Princeton's MFin claims to teach finance comprehensively -- this includes several subject that is viewed with slight disdain on QN (I think ): Corporate Finance, Accounting.. the 'soft' subjects, so to speak. Though to their benefit, the curriculum allows up to 12 electives courses that can be taken from the other top departments within Princeton (Econ, CS, Math, ORFE) to boost up the 'hard' part of the program. I don't think the program produces quants in its traditional sense, nor does it aim to be one. If you look at the placement record, there has been a healthy number of graduates going to IBD (gasp!) and private equity (even bigger gasp!).
My single biggest measure for 'goodness' has always been the employability of a program's graduates. Princeton has done quite admirably in that section; they have had perfect placement for full time and interns since the program's inception. Figures on their web noted that up until May 2009, 95% of 1st years have internships and 85% of the graduating classes already have job offers. This record is not exclusive to them, though.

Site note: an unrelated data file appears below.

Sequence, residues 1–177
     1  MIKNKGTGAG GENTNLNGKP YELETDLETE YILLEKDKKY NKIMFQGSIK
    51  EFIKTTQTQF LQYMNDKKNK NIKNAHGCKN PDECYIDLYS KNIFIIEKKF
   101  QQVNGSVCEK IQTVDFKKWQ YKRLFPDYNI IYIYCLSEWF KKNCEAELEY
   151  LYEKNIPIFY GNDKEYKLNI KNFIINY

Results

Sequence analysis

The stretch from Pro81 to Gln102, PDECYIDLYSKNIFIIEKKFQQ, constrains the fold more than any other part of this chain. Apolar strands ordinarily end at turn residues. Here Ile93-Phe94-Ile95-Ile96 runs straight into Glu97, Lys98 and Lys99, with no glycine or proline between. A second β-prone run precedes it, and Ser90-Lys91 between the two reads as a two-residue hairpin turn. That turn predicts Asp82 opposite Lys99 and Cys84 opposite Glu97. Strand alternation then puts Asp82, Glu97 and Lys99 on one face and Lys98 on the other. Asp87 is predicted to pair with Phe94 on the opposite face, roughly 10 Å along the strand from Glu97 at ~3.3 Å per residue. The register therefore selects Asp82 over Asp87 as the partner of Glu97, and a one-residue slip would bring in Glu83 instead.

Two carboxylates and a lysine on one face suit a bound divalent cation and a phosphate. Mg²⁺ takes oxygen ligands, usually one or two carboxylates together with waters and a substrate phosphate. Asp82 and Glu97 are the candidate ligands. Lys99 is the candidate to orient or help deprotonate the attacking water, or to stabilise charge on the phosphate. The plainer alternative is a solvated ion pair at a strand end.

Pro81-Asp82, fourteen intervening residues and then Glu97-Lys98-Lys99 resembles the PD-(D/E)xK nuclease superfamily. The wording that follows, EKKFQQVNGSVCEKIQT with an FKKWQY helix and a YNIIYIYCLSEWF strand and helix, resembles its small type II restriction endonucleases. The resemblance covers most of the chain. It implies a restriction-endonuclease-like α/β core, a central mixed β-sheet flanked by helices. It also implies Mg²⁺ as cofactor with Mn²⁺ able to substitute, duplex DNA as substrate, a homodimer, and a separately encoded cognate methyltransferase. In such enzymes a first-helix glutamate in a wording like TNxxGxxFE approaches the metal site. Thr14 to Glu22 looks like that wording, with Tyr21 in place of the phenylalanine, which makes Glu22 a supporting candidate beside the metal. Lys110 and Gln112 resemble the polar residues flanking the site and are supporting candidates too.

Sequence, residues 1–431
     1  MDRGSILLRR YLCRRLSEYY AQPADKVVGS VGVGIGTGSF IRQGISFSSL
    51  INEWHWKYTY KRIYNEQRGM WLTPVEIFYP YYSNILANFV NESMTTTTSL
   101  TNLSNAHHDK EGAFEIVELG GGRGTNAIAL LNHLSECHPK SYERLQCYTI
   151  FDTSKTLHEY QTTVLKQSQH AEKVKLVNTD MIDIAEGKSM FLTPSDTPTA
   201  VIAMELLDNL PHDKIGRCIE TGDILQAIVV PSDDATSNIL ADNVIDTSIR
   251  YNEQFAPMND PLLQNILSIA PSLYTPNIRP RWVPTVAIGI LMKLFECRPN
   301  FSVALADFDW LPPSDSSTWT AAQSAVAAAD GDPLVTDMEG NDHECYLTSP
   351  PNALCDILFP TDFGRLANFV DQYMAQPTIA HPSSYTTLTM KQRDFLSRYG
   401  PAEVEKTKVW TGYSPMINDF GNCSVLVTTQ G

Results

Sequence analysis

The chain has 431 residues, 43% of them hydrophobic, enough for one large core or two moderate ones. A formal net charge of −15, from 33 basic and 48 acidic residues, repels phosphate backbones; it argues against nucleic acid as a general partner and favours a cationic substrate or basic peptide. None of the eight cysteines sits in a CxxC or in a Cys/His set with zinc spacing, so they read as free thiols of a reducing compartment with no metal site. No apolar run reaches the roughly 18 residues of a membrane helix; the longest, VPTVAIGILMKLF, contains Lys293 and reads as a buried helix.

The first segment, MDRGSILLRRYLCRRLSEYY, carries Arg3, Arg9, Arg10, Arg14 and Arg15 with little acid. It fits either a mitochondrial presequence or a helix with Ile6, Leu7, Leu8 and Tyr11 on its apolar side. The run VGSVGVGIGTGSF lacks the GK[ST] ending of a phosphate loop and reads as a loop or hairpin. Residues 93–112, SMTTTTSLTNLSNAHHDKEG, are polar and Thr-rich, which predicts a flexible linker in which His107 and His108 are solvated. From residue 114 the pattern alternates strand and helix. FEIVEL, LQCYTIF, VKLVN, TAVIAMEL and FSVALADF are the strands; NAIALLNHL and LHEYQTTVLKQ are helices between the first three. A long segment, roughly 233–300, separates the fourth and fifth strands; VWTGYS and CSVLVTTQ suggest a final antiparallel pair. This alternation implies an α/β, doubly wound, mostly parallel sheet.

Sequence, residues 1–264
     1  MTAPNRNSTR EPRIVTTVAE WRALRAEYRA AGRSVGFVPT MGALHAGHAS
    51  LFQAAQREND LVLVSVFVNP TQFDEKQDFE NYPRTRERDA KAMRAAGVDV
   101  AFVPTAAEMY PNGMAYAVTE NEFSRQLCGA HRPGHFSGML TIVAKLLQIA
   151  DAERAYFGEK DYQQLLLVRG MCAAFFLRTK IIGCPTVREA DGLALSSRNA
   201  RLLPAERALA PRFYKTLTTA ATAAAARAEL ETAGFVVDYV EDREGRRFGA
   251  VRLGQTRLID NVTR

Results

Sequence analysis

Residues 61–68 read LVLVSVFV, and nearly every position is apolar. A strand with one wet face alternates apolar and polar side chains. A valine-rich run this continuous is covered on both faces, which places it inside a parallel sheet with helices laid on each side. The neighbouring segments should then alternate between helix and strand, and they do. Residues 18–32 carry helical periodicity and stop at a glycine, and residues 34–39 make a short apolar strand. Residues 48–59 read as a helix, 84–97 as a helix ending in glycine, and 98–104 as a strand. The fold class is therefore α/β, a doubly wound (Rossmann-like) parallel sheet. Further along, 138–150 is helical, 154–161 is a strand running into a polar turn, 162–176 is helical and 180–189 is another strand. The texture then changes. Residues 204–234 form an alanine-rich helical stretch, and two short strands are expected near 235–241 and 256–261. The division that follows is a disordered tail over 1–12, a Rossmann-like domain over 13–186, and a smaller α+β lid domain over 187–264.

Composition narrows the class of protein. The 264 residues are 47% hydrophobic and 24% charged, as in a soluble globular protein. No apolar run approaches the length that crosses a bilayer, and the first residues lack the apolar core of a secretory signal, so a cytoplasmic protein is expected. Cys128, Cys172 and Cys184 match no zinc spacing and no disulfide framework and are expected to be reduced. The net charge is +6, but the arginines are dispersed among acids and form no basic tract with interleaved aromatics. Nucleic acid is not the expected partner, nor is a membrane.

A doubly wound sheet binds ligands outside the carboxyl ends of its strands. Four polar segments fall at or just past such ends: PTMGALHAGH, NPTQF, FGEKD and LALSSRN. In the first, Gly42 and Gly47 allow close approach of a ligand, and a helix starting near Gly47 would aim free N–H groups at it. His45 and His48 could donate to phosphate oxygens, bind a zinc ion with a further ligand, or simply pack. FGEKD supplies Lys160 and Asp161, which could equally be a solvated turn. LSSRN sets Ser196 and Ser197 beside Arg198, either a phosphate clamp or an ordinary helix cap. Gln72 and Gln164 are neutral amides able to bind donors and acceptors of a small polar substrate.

So, to somewhat answer your question: if Princeton's program seems to teach you the stuff that you want to learn and do in the future, then rest assured that you'd be very likely to be easily employed. However, if you don't like how the program molds you to be a financial jack-of-all-trades or the sorts, then don't go there. I figured I should say this since most people that go to QN seems to be more interested in programs oriented towards molding purebreed quants.
It is a strong program that will offer you good chances of employment at the end. The program is a bit broad to be considered a pure MFE, however the faculty is good and they seem to have good career services. Related previous thread:IMO Princeton beats some of the Top 10 MBAs if your aim is ultimately to land a Job in IBD/PE as its cheaper can be finished in a year and has very high conversion in high yield areas of finance.